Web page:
Which does seem to tie back to the House Bill 1567 Mr. Bond referenced in his email to me, see my Post “Something Special”.  However, I’m not seeing the $100 million for teacher pay increases.  Seems like Mr. Bond just made up “something special” just for Scott Thompson and the people of Oklahoma.

Move forward to Wednesday the 28th and Mr. Bond along with Shawn Hime of OSSBA and a couple of others appeared on the local FOX station in OKC for a forum on SQ 779—the penny sales tax for education/teacher raises.  You can access it at Rick Cobb’s October 2 post; I’m not savvy enough to link here.  The fun part is at about 1:05 I think.  The OCPA’s tact is that absolutely teachers need a $5,000 raise (they’ll forget all about that after November 8), but a tax increase is not needed because the money is already there.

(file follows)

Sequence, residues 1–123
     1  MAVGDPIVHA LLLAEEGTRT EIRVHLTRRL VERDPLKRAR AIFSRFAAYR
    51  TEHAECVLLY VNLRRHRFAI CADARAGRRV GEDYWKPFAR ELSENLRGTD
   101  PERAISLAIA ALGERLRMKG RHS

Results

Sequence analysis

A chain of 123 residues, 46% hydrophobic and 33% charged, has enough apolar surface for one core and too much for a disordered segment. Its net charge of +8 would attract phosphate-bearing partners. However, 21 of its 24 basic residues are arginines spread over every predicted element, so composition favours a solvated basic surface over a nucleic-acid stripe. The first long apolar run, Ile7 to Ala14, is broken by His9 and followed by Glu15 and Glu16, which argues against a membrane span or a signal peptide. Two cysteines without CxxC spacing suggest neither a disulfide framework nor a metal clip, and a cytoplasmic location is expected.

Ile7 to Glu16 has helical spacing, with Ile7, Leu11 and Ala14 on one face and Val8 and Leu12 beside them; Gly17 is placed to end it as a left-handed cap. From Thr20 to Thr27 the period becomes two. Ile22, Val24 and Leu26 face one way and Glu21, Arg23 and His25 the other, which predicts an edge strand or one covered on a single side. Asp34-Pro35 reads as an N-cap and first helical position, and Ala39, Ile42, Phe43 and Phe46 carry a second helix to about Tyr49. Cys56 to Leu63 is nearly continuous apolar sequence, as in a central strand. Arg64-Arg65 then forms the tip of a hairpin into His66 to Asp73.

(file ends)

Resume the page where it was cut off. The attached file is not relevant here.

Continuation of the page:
I sure can’t find Mr. Bond’s $100 million and looks like neither can he.  But then there’s the grand study I referred to in my “Once Upon a Time” Post that I’m definitely going to get to soon that says school districts have hired bunches of staff, not teachers, over the last 30+ years and all that money could have gone to teacher raises.  My informed hunch is that when we examine the data we’ll see that the largest “non-teacher” employee growth has been with teacher assistants—who work directly in classrooms with children.

Back to the FOX forum, Mr. Bond, to show how money is readily available for teacher pay raises, used Catoosa as an example.  I’m not fact checking any of this but from his and Shawn Hime’s comments it seems this happened: